Web Of Truths

Thanks to Mock Draftable for packaging Combine results into a pretty picture.

If you have a few hours, go through the site’s database and try to pick out big name players and see if their workout results match where they win. Take Patriots' WR Julian Edelman for example.


Eddy Piñeiro is quietly finding his form again, another sign that he's cut out for this

USA Today

Eddy Piñeiro is quietly finding his form again, another sign that he's cut out for this

As a large group of TV cameras gathered around Charles Leno Jr.’s space in the Bears’ locker room, Eddy Pineiro quickly finished getting dressed in the shadows to Leno’s left. The kicker’s stayed out of the spotlight since losing the trust of his head coach on a nationally-televised game three weeks ago, but he’s played as well as anyone during the Bears’ three-game return to relevance. 

“Yeah, I would definitely say I’m more confident,” he said after the Bears’ 31-24 win on Thursday night. “There’s just good rhythm – good snap, good hold.” 

He hasn’t had to attempt a kick over 40 yards (!!) over the three games, but Pineiro’s accuracy issues, at least for now, seem at bay. He hit all five of his kicks against the Cowboys – four extra points and one 36-yard field goal. The kicker hasn’t missed a field goal (5-5) since LA, and has gone 9-10 on extra points. More importantly, they haven’t lost since either. 

“Oh yeah, it feels great,” Pineiro said. “Everyone in the locker room is super excited and happy. Everybody’s in a good mood. When you win, everybody’s in a good mood.” 

He hasn’t been physically tested much over the last month, but just ask Aldrick Rosas or Brett Maher how easy kicking at Soldier Field – even in nice conditions – is. The Bears have always loved Pineiro’s response to adversity, and it’s starting to look like he’s rewarded them again.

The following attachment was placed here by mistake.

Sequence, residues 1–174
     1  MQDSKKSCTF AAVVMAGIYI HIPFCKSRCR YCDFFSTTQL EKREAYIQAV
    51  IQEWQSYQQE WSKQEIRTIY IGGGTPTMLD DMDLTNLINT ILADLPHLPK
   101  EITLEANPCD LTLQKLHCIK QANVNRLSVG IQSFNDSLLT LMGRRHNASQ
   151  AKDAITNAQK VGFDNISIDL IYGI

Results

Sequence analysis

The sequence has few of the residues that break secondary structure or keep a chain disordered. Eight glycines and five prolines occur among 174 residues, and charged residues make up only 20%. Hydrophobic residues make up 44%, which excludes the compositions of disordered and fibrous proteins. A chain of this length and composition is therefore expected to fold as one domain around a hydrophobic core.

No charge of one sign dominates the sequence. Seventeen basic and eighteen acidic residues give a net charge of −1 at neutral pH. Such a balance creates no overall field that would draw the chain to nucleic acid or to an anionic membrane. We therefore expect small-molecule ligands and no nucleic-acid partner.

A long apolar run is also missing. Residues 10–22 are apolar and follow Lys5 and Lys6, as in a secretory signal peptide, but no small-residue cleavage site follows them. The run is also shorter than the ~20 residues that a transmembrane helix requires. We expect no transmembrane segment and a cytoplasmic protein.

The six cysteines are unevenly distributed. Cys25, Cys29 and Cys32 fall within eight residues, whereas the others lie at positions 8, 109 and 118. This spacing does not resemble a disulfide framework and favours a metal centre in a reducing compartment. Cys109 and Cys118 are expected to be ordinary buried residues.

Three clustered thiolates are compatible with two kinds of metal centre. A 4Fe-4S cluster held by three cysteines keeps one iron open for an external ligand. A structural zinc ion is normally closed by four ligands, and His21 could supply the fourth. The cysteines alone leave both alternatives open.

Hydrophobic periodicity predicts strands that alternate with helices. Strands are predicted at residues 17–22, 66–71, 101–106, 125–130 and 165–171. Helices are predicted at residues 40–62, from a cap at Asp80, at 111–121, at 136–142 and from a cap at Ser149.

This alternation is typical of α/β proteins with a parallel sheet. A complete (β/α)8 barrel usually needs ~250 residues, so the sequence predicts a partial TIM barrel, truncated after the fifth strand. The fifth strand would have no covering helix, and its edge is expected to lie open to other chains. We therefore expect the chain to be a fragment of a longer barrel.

“Just gaining experience, honestly,” he said. “I think the biggest thing for me has just been gaining experience. Playing the game, I obviously don’t have the most experience, but I think trying to gain that experience has been the biggest thing for me.” 

Pineiro mentioned that he’s still getting used to the adjustments that come with kicking in colder temperatures – which may help explain some of his more recent lackluster kickoffs. It’s easy to see how a nationally-televised game in unusually pleasant conditions could have been a trap for a young player who’s maybe pressing a bit, but after getting the full Bears Kicker Experience stuffed into half a season, Pineiro knows better. 

“In my opinion, you’ve got to play well in every single game,” he said. “[it’s] not like just because you’re on national TV, you’ve got to play better. It felt good to get out there and hit a couple kicks.” 

Run Mitch Run! Trubisky dominates Cowboys with his legs in Week 14

Run Mitch Run! Trubisky dominates Cowboys with his legs in Week 14

Mitch Trubisky looked like a quarterback who was selected second overall in the NFL draft with his performance against the Dallas Cowboys in Thursday night's 31-24 win. In fact, he's looked every bit the part over the last four weeks, but Week 14 showcased the complete skill set that made Trubisky the first quarterback drafted in 2017.

Against a Cowboys defense that was ranked as a top-10 unit coming into the game, Trubisky threw for 244 yards, ran for 63 yards and totaled four touchdowns (three passing, one rushing). He threw the ball with conviction and completed passes that an average quarterback never could have. His eight-yard touchdown pass to Allen Robinson with 10 seconds remaining in the first half was special. Despite blanket coverage by Dallas linebacker Jaylon Smith, Trubisky put the ball where only Robinson could catch it. It was a heater, too.